But for me, life starts at 80 degrees. It is how I grew up, what I got used to. I am not impervious to heat. I spent time in Kuwait at 125 degrees. It was no joke. At a certain point, hot is just hot.
Below that? I like the warmth. I like the life it brings. The trees are greener, insects and reptiles thrive, and the whole world seems to move and shimmer.
2 - The Water
With the heat comes the water. Beaches, pools, rivers, lakes and even the stock tanks of my youth. I love all of them. I love the flip flops and the casual vibe. The altered expectations and lowered inhibitions.
The water is social, but also a place where you can be alone. I love going to the pool and seeing kids play AND grandparents read. The water is a gathering place. It has been for us for millennia.
3 - Fewer Clothes
I am not a huge fan of clothes. If you have met me in real life you know this. My fashion sense extends to my t-shirt collection and running shoes that can best be described as "garish." Beyond that I have never been super into fashion. I have owned one suit in my life and worn it exactly twice.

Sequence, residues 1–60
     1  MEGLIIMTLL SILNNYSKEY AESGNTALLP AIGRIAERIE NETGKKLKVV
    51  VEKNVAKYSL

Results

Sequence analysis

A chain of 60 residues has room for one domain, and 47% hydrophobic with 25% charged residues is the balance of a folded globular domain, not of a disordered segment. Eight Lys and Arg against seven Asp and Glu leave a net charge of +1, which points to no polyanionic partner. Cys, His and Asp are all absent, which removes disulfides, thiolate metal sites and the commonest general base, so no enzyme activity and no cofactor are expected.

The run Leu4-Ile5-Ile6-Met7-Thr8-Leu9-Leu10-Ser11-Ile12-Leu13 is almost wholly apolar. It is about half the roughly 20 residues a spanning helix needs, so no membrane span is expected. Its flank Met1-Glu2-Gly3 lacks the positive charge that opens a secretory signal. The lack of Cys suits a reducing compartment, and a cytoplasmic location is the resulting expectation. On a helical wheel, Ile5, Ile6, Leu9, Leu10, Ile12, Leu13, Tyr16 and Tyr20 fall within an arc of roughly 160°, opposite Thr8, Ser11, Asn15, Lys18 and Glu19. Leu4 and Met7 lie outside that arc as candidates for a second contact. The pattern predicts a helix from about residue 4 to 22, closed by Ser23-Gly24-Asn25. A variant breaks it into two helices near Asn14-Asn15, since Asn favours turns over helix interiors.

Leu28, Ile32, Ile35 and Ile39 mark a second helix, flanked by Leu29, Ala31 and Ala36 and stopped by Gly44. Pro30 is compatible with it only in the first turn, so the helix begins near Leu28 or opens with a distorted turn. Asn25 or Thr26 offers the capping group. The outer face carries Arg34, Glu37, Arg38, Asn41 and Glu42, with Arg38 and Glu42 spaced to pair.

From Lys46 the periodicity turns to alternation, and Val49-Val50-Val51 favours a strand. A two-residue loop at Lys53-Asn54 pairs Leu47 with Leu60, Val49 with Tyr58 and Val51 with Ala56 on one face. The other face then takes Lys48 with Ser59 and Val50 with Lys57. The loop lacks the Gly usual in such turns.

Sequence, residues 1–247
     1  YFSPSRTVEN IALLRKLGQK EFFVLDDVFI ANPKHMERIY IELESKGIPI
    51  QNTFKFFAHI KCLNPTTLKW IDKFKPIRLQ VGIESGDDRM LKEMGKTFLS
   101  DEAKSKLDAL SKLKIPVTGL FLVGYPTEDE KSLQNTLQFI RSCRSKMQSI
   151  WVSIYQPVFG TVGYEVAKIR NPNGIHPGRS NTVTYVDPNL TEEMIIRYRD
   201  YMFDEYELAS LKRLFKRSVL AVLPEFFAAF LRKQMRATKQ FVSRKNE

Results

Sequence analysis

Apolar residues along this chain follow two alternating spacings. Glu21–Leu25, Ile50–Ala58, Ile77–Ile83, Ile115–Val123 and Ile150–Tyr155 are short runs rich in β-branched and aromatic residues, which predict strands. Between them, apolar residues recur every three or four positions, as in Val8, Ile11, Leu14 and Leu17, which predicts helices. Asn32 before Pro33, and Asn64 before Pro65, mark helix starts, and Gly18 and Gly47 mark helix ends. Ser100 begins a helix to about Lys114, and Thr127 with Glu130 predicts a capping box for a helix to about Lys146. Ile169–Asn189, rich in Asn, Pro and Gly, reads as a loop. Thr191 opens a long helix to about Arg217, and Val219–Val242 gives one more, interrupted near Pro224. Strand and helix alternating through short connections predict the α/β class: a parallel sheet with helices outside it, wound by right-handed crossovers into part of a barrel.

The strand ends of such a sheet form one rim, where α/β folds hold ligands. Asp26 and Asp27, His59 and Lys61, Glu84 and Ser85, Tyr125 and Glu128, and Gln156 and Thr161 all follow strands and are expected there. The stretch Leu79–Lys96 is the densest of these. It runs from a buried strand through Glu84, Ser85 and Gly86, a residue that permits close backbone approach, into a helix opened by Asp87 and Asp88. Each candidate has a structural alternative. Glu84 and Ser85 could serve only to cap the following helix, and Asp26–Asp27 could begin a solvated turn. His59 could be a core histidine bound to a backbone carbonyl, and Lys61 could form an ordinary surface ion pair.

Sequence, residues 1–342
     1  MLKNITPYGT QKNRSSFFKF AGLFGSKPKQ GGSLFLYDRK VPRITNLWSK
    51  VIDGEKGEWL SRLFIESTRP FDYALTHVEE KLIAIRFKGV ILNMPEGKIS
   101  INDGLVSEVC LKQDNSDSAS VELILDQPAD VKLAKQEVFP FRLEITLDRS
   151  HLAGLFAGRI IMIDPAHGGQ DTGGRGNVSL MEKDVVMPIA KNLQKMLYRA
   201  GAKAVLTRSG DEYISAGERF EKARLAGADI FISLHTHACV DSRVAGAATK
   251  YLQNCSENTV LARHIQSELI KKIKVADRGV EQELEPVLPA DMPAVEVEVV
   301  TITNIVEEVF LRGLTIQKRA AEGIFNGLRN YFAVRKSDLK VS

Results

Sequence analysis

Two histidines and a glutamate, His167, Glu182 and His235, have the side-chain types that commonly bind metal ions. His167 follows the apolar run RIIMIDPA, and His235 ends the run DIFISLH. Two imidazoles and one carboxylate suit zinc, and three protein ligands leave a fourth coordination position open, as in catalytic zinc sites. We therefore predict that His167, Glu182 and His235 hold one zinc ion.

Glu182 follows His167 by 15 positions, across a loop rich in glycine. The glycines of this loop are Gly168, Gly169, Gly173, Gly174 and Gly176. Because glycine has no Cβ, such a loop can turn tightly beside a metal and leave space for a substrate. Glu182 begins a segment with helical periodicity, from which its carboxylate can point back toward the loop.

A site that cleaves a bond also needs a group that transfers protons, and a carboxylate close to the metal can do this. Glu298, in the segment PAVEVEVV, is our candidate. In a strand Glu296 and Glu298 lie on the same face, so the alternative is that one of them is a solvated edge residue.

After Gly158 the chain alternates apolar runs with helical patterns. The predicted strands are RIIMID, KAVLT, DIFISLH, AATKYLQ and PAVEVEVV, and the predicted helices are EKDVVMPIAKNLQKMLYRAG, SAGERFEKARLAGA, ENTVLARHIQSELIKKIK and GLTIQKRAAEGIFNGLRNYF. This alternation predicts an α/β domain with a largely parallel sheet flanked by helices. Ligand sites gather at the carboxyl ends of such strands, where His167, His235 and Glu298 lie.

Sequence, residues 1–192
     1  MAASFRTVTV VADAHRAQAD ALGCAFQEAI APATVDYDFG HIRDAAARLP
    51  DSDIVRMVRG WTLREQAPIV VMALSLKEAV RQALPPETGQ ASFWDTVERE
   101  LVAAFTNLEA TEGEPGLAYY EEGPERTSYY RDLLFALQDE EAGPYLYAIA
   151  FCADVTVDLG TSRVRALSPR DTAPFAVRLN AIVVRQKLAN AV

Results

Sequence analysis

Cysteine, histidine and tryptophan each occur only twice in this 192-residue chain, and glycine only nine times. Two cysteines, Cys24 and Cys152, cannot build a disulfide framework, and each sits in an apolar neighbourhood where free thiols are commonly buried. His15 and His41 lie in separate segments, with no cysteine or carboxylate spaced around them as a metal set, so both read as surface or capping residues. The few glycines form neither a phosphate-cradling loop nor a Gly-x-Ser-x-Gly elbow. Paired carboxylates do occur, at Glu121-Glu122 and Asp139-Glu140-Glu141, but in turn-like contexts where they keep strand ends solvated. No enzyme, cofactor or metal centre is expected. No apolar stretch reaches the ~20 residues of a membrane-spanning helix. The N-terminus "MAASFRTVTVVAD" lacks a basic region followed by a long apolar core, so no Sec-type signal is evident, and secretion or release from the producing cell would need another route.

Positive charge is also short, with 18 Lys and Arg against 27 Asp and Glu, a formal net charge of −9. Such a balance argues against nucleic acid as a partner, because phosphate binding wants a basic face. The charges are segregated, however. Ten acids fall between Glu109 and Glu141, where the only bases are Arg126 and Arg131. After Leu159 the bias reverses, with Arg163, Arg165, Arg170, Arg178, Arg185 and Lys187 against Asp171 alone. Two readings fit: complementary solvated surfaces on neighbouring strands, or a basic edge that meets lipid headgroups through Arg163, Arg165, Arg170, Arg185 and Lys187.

Summer gives me an excuse to further edit an already minimal wardrobe. Shorts, sandals and a t-shirt when legally required. Other than that, I am just loving being as unencumbered by fabric as possible.
Yes, this drives my kids absolutely bonkers.
4 - Barbecues
I don't need an excuse to fire up the grill and will do so in (almost) any weather. But summer and barbecues go together like peas and carrots. Speaking of which have you ever grilled carrots? Amazing.
Barbecues (like the water) are communal, and harken back to a time of shared bounty. During the summer we will cook outside, eat outside, and then just sit talking and eating popsicles.
A happy life is a quilt knit together with small things. It is quiet moments connected together that creates the fabric of our lives. Barbecues on the back porch are a big part of that for me.
5 - Ice Cream
I mean. C'mon. This one is self-explanatory.
I don't like most desserts. I actively dislike chocolate. I could care less about cake. Most pies are just... okay. But ice cream? Oh yeah.
Plus, who doesn't get excited when they hear the jingle of the ice cream truck?
Summer is a unique and special season. I hope you find a way to make it yours, and to find the small moments that make your heart smile.
Be well y'all. Thanks for reading.
Have a good week, and keep pounding the rock.